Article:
This case is about spouses and relocation. It is also about Karachi which is my hometown and Pakistan’s largest and most dangerous city. The metropolis is where I spent the last few weeks reuniting a British citizen – a victim of forced marriage (as a child) to a much older scion of a rich and powerful economic dynasty – with her children. Of course, this British mother was overjoyed at the sympathy she received in Pakistan. Her cause to be permanently reunited with her children is ongoing and, despite the problems with the country’s post-colonial legal system, from her perspective the Pakistani courts do provide timely relief to those who need it.
Equally interestingly, in this recent immigration decision about the correct approach to article 8 and the new rules, the respondent Mrs Gulshan (G) was a 60-year old Karachi’ite who got married to her husband in 1975 (he entered as a visitor in early 1992, overstayed and eventually became a British citizen in 2006). On the basis of that relationship, G made an application for leave to remain as the spouse of a person present and settled in the UK. The Upper Tribunal (Mr Justice Cranston and Judge Taylor, para 17) described the “vast” case law on article 8 as burdening judges (who have the difficult job of keeping abreast of the “frequent twists and turns” of the law). The Upper Tribunal did “not intend to add to the problem” and limited its analysis to “only three cases which concern the status of the 2012 immigration rules and the role of article 8” (para 17).
These germane cases are:
The Upper Tribunal recalled MM as a case involving “a direct attack” on the maintenance requirements, exacting a minimum income level of £18,600, for the admission of partners to the UK. In MM the Court held that although the financial requirements did have a legitimate aim, they were so burdensome that they constituted an unjustified and disproportionate interference with article 8 rights. Yet the Court did not declare the requirements unlawful or quash them. Rather, Mr Justice Blake held (para 120) that:
… claims of individual violations should be examined in the context of an application when the relevant facts can be established and the factors weighed in the balance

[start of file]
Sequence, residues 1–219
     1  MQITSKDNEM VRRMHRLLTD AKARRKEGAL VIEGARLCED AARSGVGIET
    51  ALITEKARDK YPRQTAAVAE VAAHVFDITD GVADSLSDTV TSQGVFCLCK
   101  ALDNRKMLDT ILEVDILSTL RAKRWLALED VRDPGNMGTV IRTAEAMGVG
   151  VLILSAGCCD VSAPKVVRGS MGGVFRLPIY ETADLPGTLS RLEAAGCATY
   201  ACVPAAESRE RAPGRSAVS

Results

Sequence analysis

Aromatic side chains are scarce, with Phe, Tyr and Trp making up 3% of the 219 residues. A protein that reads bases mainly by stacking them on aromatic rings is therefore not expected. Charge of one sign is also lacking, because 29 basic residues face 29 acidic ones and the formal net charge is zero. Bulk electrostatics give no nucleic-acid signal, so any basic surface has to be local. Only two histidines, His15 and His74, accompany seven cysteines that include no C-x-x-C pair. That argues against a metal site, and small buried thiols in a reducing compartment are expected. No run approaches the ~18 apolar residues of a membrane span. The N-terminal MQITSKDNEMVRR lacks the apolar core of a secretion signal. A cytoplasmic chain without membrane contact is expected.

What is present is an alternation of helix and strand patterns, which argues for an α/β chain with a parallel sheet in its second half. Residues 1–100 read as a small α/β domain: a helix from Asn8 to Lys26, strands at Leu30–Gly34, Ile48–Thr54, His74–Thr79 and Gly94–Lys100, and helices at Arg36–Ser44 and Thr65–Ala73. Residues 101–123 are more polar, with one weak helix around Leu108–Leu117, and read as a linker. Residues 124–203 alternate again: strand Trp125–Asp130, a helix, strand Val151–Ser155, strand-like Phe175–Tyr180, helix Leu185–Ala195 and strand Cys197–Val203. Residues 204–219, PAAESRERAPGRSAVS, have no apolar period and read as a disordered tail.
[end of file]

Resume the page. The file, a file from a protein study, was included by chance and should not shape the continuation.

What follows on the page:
Because of economic and social reasons the Home Office was entitled to a threshold higher than bare subsistence but the figure of £13,400, which was close to the adult minimum wage for a 40-hour week, was about right and a higher (minimum) requirement of £18,600 denied too many young people and low wage earners the right to have their spouses admitted to the UK. The higher figure invaded the right of British citizens and refugees to live with their chosen partners unless they had substantial savings. There was justification for having a substantial financial requirement as this reversed the ghettoised view of family migration (advanced by some people) and promoted the acquisition of skills in the immigrant community. Blake J remained unconvinced that referring difficult cases to the SSHD for advice on the exceptional circumstances policy was enough to make the decision making process as a whole lawful and compatible with ECHR rights. The Court enumerated nine points to reach the conclusion that article 8 needed to be raised separately from the immigration rules. The correct balance had to be struck to achieve ECHR compatibility which a meagre and imprecise discretion was incapable of achieving.
The Upper Tribunal noted that the MM Court fleetingly referred to R (Nagre) v SSHD  EWHC 720 (Admin) where Mr Justice Sales investigated article 8’s relationship with the new rules and the Court found that the rules were not unlawful because the guidance accompanying them envisaged cases falling outside their parameters in which the SSHD could grant discretionary leave. Moreover, in uncertain (“precarious”) family life cases, the Strasbourg Court thought that article 8 was only violated by the removal of the non-national family member in exceptional circumstances. Where no insurmountable obstacles to removal exist and removal is still considered disproportionate, other non-standard and particular features of a compelling nature demonstrating that removal would be unjustifiably harsh need to be shown.